Original languageEnglish
Pages (from-to)44-55
JournalField Crops Research
Volume143
DOIs
Publication statusPublished - 2013

Fingerprint

agroclimatology
crop yield
climate
crop
crops
food crops
weather
crop rotation
climatic zone
atlas
homogeneity
zonation
dry environmental conditions
crop management
heat sums
food production
crop production
simulation models
soil properties

Keywords

  • global land areas
  • climate-change
  • agroecological zones
  • management
  • impacts
  • classification
  • agriculture
  • patterns
  • system
  • world

Cite this

van Wart, J., van Bussel, L. G. J., Wolf, J., Licker, R., Grassini, P., Nelson, A., ... Cassman, K. G. (2013). Use of agro-climatic zones to upscale simulated crop yield potential. Field Crops Research, 143, 44-55. https://doi.org/10.1016/j.fcr.2012.11.023
van Wart, J. ; van Bussel, L.G.J. ; Wolf, J. ; Licker, R. ; Grassini, P. ; Nelson, A. ; Boogaard, H.L. ; Gerber, J. ; Mueller, N.D. ; Claessens, L.F.G. ; van Ittersum, M.K. ; Cassman, K.G. / Use of agro-climatic zones to upscale simulated crop yield potential. In: Field Crops Research. 2013 ; Vol. 143. pp. 44-55.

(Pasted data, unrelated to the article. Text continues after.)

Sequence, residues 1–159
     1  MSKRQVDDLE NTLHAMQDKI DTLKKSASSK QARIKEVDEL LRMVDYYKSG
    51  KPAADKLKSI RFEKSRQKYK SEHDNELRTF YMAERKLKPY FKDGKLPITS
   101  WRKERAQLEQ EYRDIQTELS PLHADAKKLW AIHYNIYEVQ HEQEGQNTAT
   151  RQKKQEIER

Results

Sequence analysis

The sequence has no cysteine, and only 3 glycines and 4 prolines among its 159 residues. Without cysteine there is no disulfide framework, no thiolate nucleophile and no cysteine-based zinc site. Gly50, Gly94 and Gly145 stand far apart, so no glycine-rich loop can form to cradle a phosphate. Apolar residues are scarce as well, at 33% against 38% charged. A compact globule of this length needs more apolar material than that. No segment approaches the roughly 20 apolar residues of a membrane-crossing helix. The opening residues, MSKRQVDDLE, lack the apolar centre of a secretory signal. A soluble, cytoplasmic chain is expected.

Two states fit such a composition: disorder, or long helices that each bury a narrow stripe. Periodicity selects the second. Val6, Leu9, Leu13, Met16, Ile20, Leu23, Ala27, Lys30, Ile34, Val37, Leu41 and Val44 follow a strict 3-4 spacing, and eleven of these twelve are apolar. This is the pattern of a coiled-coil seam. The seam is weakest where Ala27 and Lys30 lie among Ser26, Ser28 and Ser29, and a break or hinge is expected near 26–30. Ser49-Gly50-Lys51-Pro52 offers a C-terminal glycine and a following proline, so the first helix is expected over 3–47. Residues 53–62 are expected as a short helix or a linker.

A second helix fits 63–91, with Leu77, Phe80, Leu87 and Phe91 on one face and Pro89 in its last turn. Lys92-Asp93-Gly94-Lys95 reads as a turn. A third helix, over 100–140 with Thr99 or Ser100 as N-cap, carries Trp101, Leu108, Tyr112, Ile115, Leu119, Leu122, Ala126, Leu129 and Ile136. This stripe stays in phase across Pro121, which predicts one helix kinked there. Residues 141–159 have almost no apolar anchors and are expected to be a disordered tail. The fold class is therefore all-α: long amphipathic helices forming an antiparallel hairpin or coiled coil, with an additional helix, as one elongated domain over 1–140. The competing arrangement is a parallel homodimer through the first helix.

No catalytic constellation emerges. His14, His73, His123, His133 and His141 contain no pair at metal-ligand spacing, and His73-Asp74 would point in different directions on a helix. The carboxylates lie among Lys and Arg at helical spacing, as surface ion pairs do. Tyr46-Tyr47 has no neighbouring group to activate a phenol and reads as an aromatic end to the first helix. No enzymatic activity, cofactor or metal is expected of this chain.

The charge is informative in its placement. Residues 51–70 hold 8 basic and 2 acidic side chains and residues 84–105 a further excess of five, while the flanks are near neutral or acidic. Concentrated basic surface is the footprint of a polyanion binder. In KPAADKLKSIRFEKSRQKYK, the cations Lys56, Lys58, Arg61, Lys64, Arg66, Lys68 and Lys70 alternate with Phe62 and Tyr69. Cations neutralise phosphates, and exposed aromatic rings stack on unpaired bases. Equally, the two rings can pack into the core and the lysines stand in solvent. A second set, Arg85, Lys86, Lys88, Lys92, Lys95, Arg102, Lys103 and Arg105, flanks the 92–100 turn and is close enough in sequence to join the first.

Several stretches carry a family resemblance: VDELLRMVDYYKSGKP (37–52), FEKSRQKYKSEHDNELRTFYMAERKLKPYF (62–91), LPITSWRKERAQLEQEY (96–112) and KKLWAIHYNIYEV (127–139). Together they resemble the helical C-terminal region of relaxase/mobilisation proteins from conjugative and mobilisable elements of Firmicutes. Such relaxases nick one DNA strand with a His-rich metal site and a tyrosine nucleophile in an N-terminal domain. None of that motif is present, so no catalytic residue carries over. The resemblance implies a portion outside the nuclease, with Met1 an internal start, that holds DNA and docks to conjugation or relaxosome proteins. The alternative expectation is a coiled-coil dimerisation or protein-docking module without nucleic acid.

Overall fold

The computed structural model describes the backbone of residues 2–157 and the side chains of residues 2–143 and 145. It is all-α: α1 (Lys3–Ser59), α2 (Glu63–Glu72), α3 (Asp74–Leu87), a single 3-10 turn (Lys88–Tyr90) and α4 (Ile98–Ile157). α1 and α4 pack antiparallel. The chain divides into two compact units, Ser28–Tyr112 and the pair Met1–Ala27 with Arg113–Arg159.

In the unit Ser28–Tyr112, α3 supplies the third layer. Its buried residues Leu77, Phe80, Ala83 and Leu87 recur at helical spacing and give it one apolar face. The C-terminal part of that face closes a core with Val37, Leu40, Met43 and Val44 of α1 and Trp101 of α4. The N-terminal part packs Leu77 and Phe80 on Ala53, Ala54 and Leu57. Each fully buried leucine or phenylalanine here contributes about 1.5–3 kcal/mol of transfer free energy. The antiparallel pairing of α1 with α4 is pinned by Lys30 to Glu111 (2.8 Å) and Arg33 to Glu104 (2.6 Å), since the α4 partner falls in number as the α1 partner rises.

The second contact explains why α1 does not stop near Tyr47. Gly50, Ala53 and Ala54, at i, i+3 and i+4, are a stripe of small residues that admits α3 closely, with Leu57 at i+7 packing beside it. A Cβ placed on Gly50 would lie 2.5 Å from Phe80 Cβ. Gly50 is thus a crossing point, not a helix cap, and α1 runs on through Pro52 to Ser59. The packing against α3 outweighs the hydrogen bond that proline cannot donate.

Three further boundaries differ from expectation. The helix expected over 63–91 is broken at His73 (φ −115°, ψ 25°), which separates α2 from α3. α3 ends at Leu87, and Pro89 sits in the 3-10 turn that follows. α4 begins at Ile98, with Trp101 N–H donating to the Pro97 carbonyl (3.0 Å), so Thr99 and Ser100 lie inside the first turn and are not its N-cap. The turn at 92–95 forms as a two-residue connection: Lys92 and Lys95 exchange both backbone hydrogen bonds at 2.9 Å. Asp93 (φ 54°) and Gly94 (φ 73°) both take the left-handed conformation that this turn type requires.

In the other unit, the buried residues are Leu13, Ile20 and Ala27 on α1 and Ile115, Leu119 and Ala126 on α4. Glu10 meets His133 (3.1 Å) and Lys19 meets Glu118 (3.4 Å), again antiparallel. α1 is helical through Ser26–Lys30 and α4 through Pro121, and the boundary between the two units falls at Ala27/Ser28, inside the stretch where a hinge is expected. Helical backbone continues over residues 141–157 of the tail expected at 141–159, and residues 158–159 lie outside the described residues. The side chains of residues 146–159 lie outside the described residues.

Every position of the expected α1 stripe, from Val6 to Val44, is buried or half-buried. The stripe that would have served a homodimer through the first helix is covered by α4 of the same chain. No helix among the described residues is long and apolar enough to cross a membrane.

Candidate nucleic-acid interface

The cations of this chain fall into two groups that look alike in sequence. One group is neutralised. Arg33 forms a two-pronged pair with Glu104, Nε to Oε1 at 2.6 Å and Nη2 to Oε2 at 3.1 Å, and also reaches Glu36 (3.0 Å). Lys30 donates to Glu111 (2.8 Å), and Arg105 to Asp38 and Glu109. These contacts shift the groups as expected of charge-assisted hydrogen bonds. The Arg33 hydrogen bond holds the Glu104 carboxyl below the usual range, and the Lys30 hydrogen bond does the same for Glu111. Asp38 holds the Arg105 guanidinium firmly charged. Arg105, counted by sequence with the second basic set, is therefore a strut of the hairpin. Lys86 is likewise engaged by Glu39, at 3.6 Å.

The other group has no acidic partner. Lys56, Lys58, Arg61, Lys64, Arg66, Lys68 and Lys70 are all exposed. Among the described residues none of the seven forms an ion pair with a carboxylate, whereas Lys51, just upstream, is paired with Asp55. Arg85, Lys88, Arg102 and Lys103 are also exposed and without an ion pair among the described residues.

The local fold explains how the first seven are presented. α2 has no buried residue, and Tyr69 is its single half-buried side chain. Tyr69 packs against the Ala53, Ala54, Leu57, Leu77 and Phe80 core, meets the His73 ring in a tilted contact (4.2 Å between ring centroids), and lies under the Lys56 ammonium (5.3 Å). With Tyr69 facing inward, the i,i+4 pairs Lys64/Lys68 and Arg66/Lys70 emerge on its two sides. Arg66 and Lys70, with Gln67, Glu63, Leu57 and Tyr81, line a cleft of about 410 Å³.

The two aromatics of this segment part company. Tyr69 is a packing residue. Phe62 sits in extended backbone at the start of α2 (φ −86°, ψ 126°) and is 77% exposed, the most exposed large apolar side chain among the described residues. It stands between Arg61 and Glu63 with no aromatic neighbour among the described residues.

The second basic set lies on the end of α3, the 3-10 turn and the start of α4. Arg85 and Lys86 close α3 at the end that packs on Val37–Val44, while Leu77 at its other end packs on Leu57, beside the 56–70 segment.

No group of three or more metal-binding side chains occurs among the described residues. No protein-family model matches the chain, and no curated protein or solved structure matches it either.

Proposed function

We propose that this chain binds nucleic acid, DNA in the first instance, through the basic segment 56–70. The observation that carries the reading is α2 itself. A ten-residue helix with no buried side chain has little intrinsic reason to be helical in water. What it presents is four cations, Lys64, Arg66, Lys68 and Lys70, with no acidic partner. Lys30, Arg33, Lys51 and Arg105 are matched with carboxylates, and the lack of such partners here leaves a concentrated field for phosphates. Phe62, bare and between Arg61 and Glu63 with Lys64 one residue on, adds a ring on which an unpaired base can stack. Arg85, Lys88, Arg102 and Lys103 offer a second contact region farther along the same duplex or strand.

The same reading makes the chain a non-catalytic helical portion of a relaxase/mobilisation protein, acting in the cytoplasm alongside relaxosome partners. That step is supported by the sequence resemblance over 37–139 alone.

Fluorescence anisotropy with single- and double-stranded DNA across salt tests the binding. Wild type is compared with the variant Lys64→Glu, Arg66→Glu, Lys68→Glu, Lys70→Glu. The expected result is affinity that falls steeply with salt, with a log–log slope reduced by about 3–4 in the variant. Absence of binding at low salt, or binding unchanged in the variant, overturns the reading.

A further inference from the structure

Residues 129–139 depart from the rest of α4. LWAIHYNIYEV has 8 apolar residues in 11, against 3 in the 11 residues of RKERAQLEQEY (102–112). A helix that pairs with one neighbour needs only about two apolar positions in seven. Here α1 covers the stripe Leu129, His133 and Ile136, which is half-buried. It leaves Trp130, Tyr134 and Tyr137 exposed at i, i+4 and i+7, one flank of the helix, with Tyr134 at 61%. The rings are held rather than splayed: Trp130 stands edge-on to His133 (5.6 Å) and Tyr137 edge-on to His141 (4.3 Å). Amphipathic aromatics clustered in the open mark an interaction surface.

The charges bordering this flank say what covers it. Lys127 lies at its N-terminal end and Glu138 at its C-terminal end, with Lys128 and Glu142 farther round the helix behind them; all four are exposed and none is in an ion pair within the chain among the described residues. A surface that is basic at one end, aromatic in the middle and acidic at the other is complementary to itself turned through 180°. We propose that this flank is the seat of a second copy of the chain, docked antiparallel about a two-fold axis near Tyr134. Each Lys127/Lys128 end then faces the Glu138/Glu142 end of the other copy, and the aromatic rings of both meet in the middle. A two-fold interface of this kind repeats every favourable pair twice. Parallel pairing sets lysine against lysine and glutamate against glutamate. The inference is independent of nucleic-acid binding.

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Use of agro-climatic zones to upscale simulated crop yield potential. / van Wart, J.; van Bussel, L.G.J.; Wolf, J.; Licker, R.; Grassini, P.; Nelson, A.; Boogaard, H.L.; Gerber, J.; Mueller, N.D.; Claessens, L.F.G.; van Ittersum, M.K.; Cassman, K.G.

In: Field Crops Research, Vol. 143, 2013, p. 44-55.

Research output: Contribution to journalArticleAcademicpeer-review

TY - JOUR

T1 - Use of agro-climatic zones to upscale simulated crop yield potential

AU - van Wart, J.

AU - van Bussel, L.G.J.

AU - Wolf, J.

AU - Licker, R.

AU - Grassini, P.

AU - Nelson, A.

AU - Boogaard, H.L.

AU - Gerber, J.

AU - Mueller, N.D.

AU - Claessens, L.F.G.

AU - van Ittersum, M.K.

AU - Cassman, K.G.

PY - 2013